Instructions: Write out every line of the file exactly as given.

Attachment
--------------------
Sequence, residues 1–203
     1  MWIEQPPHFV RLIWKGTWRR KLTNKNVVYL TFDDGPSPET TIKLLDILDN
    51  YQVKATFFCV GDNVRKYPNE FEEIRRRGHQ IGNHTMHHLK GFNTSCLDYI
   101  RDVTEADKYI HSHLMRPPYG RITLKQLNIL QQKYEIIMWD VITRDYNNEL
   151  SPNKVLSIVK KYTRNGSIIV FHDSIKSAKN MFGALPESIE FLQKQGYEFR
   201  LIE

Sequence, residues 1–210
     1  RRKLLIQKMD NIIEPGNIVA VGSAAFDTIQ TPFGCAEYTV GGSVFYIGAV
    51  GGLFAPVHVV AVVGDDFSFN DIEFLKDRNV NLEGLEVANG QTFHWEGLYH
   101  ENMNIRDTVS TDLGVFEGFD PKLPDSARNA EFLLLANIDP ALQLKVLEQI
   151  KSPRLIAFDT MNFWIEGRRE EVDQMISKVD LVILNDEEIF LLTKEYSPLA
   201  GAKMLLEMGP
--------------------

Sequence, residues 1–203
     1  MWIEQPPHFV RLIWKGTWRR KLTNKNVVYL TFDDGPSPET TIKLLDILDN
    51  YQVKATFFCV GDNVRKYPNE FEEIRRRGHQ IGNHTMHHLK GFNTSCLDYI
   101  RDVTEADKYI HSHLMRPPYG RITLKQLNIL QQKYEIIMWD VITRDYNNEL
   151  SPNKVLSIVK KYTRNGSIIV FHDSIKSAKN MFGALPESIE FLQKQGYEFR
   201  LIE

Sequence, residues 1–210
     1  RRKLLIQKMD NIIEPGNIVA VGSAAFDTIQ TPFGCAEYTV GGSVFYIGAV
    51  GGLFAPVHVV AVVGDDFSFN DIEFLKDRNV NLEGLEVANG QTFHWEGLYH
   101  ENMNIRDTVS TDLGVFEGFD PKLPDSARNA EFLLLANIDP ALQLKVLEQI
   151  KSPRLIAFDT MNFWIEGRRE EVDQMISKVD LVILNDEEIF LLTKEYSPLA
   201  GAKMLLEMGP